Abortion Work in Tough States

At Provide, we know how isolating it can be to do work on abortion. Though we are part of a broad and diverse field of outstanding colleagues, any of us whose work connects us to issues that are surrounded by stigma, silence and, at times, hostility knows that resources can be scarcer, colleagues fewer and more distant, and that the kinds of supports available to others may not be open to us. This is especially true for abortion work in more culturally conservative parts of the country like the South and Midwest, where a good part of our team lives, works and has their roots. For Provide, and for other nationally- and state-based organizations working on abortion where this work is especially tough, the opportunity to connect with, support and learn from one another is paramount. But the spaces, time and money to do so don't always exist. Especially as attention -- and pressure -- on the South and Midwest increase, the time feels right to explore ways we can foster the resources and relationships we need to move our work forward.

With this exploration in mind, last May, Provide, along with the Center for Reproductive Rights, co-convened a meeting of 17 reproductive health, rights and justice advocates from both state and national organizations who were doing work where the going is tough.  Titled "When the Tough Get Going," we shared strategies, lessons learned and brainstormed ideas for what could be achieved through an ongoing meeting space like this one, including who else we thought should be involved and how we thought such a space would need to be organized. We shared our successes and resources as well as our limitations and frustrations.  The smallness of the group meant we had the space for meaningful interactions and discussions. And while we all brought different strategies and goals -- from reopening clinics to establishing abortions funds -- we found we faced similar challenges around abortion stigma and the marginalization of the places where we work, such as the rural South.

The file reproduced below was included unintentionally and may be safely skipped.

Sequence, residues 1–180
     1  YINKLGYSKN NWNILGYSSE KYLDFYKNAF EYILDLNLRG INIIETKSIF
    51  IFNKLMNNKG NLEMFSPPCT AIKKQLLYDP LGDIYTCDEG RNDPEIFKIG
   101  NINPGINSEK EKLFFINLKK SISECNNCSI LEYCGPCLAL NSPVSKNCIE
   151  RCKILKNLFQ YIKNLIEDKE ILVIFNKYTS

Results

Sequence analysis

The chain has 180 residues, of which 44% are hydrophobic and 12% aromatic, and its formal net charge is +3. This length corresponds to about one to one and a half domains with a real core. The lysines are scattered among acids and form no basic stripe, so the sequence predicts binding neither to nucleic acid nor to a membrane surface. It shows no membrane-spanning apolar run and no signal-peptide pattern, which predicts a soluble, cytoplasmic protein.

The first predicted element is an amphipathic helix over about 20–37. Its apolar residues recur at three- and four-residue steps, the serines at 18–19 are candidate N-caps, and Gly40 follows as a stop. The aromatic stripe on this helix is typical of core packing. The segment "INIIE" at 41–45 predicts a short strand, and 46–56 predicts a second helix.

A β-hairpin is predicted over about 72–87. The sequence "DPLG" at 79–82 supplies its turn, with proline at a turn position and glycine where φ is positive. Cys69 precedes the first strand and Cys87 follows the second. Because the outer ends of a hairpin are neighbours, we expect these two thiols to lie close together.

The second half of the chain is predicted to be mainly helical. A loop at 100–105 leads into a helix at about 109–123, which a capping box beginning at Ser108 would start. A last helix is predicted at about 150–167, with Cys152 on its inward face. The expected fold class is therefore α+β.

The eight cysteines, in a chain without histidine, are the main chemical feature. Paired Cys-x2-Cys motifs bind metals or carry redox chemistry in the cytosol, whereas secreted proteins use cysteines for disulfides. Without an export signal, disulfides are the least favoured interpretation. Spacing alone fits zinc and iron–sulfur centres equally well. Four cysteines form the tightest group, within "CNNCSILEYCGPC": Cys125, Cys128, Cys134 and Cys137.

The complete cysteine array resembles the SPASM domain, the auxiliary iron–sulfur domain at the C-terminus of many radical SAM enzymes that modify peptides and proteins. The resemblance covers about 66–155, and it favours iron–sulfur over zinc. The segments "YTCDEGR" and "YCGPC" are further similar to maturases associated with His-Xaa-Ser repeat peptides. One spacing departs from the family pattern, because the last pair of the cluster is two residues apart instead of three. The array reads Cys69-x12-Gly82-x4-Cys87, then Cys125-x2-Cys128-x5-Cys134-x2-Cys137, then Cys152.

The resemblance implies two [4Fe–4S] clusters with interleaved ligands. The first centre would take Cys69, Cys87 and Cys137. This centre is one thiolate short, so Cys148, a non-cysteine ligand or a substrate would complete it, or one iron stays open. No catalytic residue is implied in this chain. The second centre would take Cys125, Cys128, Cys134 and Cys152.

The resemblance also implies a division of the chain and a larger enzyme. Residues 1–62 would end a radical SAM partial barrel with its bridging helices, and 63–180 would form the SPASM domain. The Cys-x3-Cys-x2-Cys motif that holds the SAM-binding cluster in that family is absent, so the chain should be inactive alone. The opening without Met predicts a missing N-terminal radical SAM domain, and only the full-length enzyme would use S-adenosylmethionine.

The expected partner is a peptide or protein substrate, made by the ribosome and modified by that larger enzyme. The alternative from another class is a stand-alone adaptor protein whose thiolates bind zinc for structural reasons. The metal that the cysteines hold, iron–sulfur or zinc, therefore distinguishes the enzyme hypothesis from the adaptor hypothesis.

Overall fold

Above all, it was a wonderful opportunity to meet and befriend others doing challenging work in the reproductive fields. Always thinking forward, we named several strategies to help cope with limited resources and create success in this work. Two of the most important strategies, according to this group, were:

1. Make Participation in the Work Fun

What qualifies as "fun" is different for different people and talking about fun can be difficult with the field we are in, but we all agreed that fun is essential to bringing people together and sustaining ourselves in our work

2. Learn to Find Value in Different Kinds of Wins

We need to see where we are succeeding, within ourselves, our organizations and as a field.  Yet as a field, we can at times seem to see only policy and litigation wins.  Even among those working on legislation, the long term nature of the work can make a policy win too distant a goal. For work ranging from service delivery to engaging new activists, we wanted to name our wins and see them valued, for ourselves and among funders and colleagues.

We had a rich and energetic day and everyone left wanting more.  While we don't yet know what will come next, we are using the experience to continue to think about how we at Provide can work with our colleagues to connect and strengthen all of our work.   There are opportunities to help one another more meaningfully, and we think this was a step in the right direction.

The Tough State Report, which includes a list of all represented organizations is available here.